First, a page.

There is a man in Egypt, now in his late sixties, by the name of Jabir. He hails from the Ja’afira tribe which is from a blessed Husayni lineage. He was a disciple of Shaykh Abdullahi of the Naqshbandi spiritual path, who hailed from the same region (Aswan) but who lived in Cairo.
Some people ignorantly criticized Jabir for choosing this man as his shaykh and put doubts in his heart about him. They said to him: You are a man of Prophetic descent, how could you take as your shaykh someone who is neither a descendant of the Prophet (salla Allahu alayhi wa sallam) himself nor a scholar? Your shaykh should be better than you. Jabir began to believe what they said, and decided that he should leave his shaykh and take Shaykh Salih al-Ja’fari (may Allah be pleased with him) as his shaykh. Shaykh Salih was in fact from the same Ja’afira tribe, as well as a great scholar and the Imam of the Azhar. He decided that this would be the best option and no one would have anything to say about his choice of spiritual guide.
Jabir was a soldier in the Egyptian military and would go almost every month to Cairo and spend the weekend there because of work. There he would attend Shaykh Salih’s gathering of remembrance (dhikr) on Thursday nights inside the noble Azhar Mosque and would attend the Shaykh’s famous Friday Lesson. He always went simply as a lover of Shaykh Salih, but not as his disciple.
For his next trip, Jabir made the intention that this time he would take the path from Shaykh Salih. He went to attend the gathering of remembrance. The gathering would take place in the Maghrebi Hall inside the Azhar Mosque. Shaykh Salih had a small chamber built for himself inside this hall where he lived. Toward the end of his life he would stay in his chamber, while his students engaged in the remembrance just outside it in the hall. He only came out to join the gathering himself very rarely.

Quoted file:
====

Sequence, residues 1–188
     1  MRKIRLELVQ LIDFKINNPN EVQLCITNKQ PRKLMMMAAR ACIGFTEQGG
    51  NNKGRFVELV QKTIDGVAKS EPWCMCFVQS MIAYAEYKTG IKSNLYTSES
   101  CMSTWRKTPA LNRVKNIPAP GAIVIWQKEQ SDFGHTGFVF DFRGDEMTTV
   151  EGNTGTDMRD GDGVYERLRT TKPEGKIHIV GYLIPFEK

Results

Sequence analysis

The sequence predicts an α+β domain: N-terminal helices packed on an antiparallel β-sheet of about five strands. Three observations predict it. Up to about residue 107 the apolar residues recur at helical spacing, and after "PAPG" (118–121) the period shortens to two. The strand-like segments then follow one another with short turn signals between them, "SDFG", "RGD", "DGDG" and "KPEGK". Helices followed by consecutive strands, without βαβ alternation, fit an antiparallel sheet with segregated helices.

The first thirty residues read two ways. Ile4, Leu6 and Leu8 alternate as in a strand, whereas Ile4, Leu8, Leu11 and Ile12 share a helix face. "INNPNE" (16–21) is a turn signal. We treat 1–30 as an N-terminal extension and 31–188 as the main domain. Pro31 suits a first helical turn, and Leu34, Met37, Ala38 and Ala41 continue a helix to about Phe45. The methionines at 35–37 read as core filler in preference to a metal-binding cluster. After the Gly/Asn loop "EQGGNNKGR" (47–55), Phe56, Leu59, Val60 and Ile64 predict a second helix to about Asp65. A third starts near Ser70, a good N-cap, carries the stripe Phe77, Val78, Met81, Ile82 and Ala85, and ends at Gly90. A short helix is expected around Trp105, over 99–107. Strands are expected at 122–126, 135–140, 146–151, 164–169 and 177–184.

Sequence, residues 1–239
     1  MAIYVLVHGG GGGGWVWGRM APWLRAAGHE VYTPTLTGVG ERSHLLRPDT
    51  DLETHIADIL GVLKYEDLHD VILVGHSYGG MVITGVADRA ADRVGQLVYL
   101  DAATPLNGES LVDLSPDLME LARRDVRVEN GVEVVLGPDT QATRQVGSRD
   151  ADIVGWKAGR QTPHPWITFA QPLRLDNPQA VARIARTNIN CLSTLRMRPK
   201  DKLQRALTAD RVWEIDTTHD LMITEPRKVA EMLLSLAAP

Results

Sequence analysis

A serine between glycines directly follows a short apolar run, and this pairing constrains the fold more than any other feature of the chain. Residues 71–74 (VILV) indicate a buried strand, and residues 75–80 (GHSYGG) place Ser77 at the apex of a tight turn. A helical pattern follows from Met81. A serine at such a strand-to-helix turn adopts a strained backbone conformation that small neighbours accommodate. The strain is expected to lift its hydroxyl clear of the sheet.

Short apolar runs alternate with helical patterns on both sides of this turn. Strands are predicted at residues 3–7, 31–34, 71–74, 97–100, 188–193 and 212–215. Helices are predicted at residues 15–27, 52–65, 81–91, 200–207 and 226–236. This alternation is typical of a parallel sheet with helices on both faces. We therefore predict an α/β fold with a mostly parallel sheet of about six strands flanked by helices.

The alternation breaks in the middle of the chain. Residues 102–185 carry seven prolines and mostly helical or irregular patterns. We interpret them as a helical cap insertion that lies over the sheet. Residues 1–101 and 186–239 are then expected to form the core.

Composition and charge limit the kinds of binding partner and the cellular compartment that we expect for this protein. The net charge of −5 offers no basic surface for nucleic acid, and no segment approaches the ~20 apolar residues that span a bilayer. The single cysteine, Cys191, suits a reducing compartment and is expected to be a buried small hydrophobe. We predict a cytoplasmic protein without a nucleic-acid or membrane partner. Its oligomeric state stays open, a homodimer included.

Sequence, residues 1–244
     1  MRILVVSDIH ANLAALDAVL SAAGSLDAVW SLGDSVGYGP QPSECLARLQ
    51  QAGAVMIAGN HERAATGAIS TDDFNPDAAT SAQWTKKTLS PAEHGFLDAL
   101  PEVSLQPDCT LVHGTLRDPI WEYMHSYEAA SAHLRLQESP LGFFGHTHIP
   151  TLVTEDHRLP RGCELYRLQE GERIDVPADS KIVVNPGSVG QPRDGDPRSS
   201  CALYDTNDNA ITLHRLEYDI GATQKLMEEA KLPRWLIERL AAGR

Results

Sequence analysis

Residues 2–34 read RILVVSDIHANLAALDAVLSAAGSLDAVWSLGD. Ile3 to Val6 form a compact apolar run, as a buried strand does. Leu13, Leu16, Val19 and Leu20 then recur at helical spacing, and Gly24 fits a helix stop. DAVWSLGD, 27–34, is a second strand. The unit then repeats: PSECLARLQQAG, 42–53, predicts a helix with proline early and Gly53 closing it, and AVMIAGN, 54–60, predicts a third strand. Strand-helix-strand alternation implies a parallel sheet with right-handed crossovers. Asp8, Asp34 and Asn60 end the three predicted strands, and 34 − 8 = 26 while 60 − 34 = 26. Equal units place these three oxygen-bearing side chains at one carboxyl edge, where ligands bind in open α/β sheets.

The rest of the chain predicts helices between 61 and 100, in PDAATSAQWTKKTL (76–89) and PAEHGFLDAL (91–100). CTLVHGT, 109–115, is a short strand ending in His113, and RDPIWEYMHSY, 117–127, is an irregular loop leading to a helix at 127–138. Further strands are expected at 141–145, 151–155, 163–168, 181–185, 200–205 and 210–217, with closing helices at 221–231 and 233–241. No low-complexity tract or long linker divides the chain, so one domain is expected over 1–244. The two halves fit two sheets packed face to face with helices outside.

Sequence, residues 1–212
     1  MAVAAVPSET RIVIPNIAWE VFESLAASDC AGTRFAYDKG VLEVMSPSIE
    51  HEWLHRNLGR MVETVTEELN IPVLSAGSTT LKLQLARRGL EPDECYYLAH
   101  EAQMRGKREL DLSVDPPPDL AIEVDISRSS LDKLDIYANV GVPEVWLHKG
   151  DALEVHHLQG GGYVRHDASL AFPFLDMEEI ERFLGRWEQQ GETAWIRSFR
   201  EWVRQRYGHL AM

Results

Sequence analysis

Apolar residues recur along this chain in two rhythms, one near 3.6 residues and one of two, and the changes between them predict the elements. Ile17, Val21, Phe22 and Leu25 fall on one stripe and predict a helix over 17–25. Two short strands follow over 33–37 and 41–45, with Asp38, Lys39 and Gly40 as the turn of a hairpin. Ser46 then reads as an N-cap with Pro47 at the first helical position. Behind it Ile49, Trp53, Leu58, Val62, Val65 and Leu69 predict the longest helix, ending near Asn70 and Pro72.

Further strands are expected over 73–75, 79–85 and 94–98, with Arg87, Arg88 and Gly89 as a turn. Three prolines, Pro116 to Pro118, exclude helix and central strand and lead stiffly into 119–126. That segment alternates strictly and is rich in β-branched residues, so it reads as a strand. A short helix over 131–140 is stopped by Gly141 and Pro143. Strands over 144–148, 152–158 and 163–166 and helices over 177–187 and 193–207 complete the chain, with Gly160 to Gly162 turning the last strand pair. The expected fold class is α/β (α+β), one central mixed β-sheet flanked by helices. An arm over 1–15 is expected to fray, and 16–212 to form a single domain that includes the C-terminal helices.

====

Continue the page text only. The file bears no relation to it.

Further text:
That night Shaykh Salih came out during the remembrance and sat on the chair and then clapped his large and powerful hands once. The hall went silent, for they knew that the Shaykh wanted to speak.
“Oh blessed one (ya mubarak)!…” he called out, without naming Jabir or looking at him directly. Shaykh Salih never called anyone by their plain names, but would always call people by saying, “oh blessed one,” or “oh shaykh so-and-so.” No one knew whom the Shaykh was addressing with his speech this night.
“Oh blessed one! We fear for you because of this (which is in your mind),” said the Shaykh. “We have a saying in Upper Egypt: ‘Whoever grasps the rope and then walks alongside it will reach the peg (watad).’ You have grasped the rope but not walked. What’s your shaykh going to do for you? What would shaykh al-Shadhili or al-Badawi or al-Disuqi or al-Rifa’i or al-Jilani do for you if you do not walk?” The Shaykh mentioned the names of the founders of many of the greatest spiritual paths, but omitted Shaykh Bahauddin Naqshband, whose path Jabir was intending to leave, and shaykh Ahmad ibn Idris, Shaykh Salih’s own shaykh, whose path Jabir was intending to take.
“Just take the rope and start walking and you will reach the shaykh of the path, and find him with you.”
Jabir knew that he is the one who was being addressed and tears began to pour down his cheeks. He realized that there was great danger in leaving his shaykh, and that he did not need to find a new shaykh, only to start following his shaykh’s guidance and applying it.
At the end of the gathering, every one lined up to greet the shaykh and say their goodbyes. When Jabir’s turn came, the Shaykh grasped his hand tightly and said to him: “Have you understood?”
“Yes, sayyidi,” answered Jabir. “Please forgive me.”
“Give my regards to your shaykh,” said Shaykh Salih.
When Jabir went to Shaykh Abdullahi and gave him Shaykh Salih’s greetings, the shaykh said to him: “Praise be to Allah that you went to our shaykh, Shaykh Salih al-Ja’fari. Had you gone to someone else he very likely might have accepted to take you as his disciple. That would have caused a lot of trouble for yourself and for us too.”
For more on this, see the two posts titled “The Shaykhs of the Path and Tarbiya” 1 and 2 here:
Jabir has many children. The three younger ones have taken the Ja’fari path from Shaykh Abdul Ghani al-Ja’fari, including Abdullahi whom he named after his own shaykh. As for Shaykh Abdullahi himself, he used to attend shaykh Salih’s lessons and would always quote him in his own lessons and talks.